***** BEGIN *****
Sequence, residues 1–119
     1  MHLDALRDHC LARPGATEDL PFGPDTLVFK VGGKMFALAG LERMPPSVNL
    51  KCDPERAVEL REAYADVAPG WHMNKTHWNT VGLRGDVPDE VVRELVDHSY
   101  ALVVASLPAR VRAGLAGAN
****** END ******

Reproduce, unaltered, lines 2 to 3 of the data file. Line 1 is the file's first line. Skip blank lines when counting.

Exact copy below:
     1  MHLDALRDHC LARPGATEDL PFGPDTLVFK VGGKMFALAG LERMPPSVNL
    51  KCDPERAVEL REAYADVAPG WHMNKTHWNT VGLRGDVPDE VVRELVDHSY